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 What is shingles?
 What is the cause?
 What are the symptoms?
 How is it diagnosed?
 How is it treated?
 How can I take care of myself?
 How can I help prevent shingles?




What is shingles?

Shingles is a painful skin rash caused by the same virus that causes chickenpox.

Shingles is also called herpes zoster. This illness is most common in people over 50 years old.

What is the cause?

The virus that causes chickenpox and shingles is called varicella zoster. After you recover from chickenpox, the virus stays in your body but it is inactive. The virus can become active again at any time in your life and cause shingles if your body's immune system is weakened by things like:

Your risk for getting shingles may be higher if:

Sometimes shingles happens for no known reason.

You cannot have shingles unless you have already had chickenpox, and you cannot get shingles from someone else. However, a person with shingles can transmit chickenpox to a person who has never been exposed to the chickenpox virus. The virus is spread by contact with the blisters, which contain live virus in the fluid. The blisters are no longer contagious after they dry up and form scabs.

What are the symptoms?

The first symptoms may include:

One to 14 days after you start feeling pain, you will notice a rash of small blisters on reddened skin. Within a few days after the rash appears, the blisters will turn yellow, then dry up and form scabs. Over the next 2 weeks the scabs drop off, and the skin heals over the next several days to weeks.

The blisters are usually found in a path, often extending from the back or side around to the middle of the belly. The blisters are usually on just one side of the body. They may also appear on one side of your face or scalp. The painful rash may be in the area of your ear or eye. When shingles occurs on the head or scalp, it may cause weakness of one side of the face, making that side of the face look droopy.

How is it diagnosed?

Your healthcare provider will ask about your symptoms and medical history and examine you. The diagnosis is usually obvious from the symptoms and the rash. If your provider wants to confirm the diagnosis, you may have lab tests to look for the virus in fluid from a blister.

How is it treated?

Several medicines can help treat shingles. Your healthcare provider may give you:

For most people the pain of shingles goes away in the first month or two after the blisters heal. If you have shingles on your head or scalp, it may take longer for the pain to go away. Sometimes the virus damages a nerve. This can cause pain, numbness, or tingling for months or even years after the rash is healed and is called postherpetic neuralgia. The older you are when you have shingles, the more likely it is that you will have postherpetic neuralgia. Taking antiviral medicine as soon as shingles is diagnosed may help prevent this problem.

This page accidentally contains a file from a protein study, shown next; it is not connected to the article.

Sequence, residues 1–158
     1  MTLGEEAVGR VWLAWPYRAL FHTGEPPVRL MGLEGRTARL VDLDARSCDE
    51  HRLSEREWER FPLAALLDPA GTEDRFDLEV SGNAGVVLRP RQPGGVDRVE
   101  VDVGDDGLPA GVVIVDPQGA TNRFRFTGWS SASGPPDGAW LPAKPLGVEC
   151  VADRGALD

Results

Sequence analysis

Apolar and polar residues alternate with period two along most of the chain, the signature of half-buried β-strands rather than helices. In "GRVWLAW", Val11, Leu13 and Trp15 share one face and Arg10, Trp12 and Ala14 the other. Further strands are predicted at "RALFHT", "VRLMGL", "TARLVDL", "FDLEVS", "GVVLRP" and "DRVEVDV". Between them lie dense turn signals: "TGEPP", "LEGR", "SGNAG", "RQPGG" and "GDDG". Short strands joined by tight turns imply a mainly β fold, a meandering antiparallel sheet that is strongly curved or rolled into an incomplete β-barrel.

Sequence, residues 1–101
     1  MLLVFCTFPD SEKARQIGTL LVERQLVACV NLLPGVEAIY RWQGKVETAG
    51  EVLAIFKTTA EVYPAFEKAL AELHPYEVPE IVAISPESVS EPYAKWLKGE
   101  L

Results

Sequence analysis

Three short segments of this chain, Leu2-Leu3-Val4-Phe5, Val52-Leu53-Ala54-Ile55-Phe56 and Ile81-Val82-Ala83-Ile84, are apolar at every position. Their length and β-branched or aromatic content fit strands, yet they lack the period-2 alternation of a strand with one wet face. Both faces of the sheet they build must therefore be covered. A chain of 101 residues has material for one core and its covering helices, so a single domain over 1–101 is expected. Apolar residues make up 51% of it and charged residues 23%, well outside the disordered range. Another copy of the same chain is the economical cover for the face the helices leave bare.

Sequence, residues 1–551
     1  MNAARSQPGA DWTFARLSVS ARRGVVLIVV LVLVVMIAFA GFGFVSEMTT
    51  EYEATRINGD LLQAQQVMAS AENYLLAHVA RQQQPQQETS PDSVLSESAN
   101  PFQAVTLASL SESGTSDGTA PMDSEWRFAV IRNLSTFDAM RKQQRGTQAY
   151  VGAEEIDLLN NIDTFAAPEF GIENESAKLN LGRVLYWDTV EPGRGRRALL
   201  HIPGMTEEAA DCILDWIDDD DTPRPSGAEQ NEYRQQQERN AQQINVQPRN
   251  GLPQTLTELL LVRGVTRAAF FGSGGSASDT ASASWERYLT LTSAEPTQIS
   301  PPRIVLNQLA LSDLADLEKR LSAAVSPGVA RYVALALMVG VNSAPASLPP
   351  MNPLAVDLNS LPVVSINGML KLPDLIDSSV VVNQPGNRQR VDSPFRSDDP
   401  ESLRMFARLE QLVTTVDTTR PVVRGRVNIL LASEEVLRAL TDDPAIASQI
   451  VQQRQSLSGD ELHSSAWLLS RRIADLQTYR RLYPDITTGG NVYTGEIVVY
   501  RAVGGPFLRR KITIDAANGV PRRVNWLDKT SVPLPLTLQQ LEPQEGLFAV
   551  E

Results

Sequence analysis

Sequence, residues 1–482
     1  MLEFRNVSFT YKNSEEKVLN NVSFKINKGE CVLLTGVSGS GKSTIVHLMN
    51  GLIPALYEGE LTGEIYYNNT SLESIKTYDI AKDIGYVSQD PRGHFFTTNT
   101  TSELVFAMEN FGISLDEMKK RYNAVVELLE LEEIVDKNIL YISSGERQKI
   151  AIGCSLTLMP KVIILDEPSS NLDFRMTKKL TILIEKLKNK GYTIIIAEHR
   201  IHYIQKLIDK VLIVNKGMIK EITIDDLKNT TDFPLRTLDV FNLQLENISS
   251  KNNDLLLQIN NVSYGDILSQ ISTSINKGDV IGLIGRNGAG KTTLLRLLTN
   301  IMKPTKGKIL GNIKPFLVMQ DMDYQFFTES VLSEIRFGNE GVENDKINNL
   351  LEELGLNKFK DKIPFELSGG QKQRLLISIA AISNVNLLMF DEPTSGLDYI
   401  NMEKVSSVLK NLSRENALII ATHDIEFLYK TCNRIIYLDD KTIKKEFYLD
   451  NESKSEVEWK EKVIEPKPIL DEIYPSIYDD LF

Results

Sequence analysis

How can I take care of myself?

Here are some things you can do to help relieve pain:

Rest in bed if you have fever and other symptoms of illness.

Ask your healthcare provider:

Make sure you know when you should come back for a checkup. Keep all appointments for provider visits or tests.

How can I help prevent shingles?

If you have never had chickenpox, you can get a shot to help prevent infection with the chickenpox virus. Most children now get shots to prevent chickenpox.

If you are 50 or older, you can get a different shot that helps prevent shingles. This shot is recommended for people 60 years of age and older. The shingles shot does not always prevent shingles. However, if you do get shingles sometime after you got the shot, you may have less pain. The shingles shot is not used to treat shingles once you have it.

You can also lessen your chances of getting shingles by trying to keep stress under control, exercising regularly, and eating a healthy diet.

If you have shingles, make sure that anyone who has not had chickenpox or the chickenpox shot does not come into close contact with you until the blisters are completely dry. You are no longer contagious after the blisters dry up and form scabs.

healthinformatics info


Postherpetic Neuralgia. (2013). Patient.co.uk. Retrieved 11/2014 from http://www.patient.co.uk/doctor/postherpetic-neuralgia-pro.

Shingles (Herpes Zoster) Prevention & Treatment. (2011). US Dept. of Health and Human Services, Centers for Disease Control and Prevention. Retrieved 11/30/2012 from http://www.cdc.gov/shingles/about/prevention-treatment.html.

FDA Vaccines, Blood and Biologics. Zostavax (Herpes Zoster Vaccine) Questions and Answers. US Dept. of Health and Human Services, Food and Drug Administration. July 10, 2009. Accessed December 30, 2009 from http://www.fda.gov/BiologicsBloodVaccines/Vaccines/QuestionsaboutVaccines/ucm070418.htm.

New York Dept of Health. Shingles (Herpes Zoster). 1/2012. Accessed 11/2013 from http://www.health.ny.gov/diseases/communicable/shingles/fact_sheet.htm.

Shingles Vaccine. What You Need to Know. Vaccine Information Statement. US Dept of Health and Human Services, Centers for Disease Control and Prevention, 10/06/2009. Accessed 12/31/2011 from http://www.cdc.gov/vaccines/pubs/vis/downloads/vis-shingles.pdf.

Related Topics


Chickenpox in Adults

Herpes Zoster (Shingles) Eye Infections

Postherpetic Neuralgia

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Last Modified: 2015-03-01

Last Reviewed: 2014-12-05

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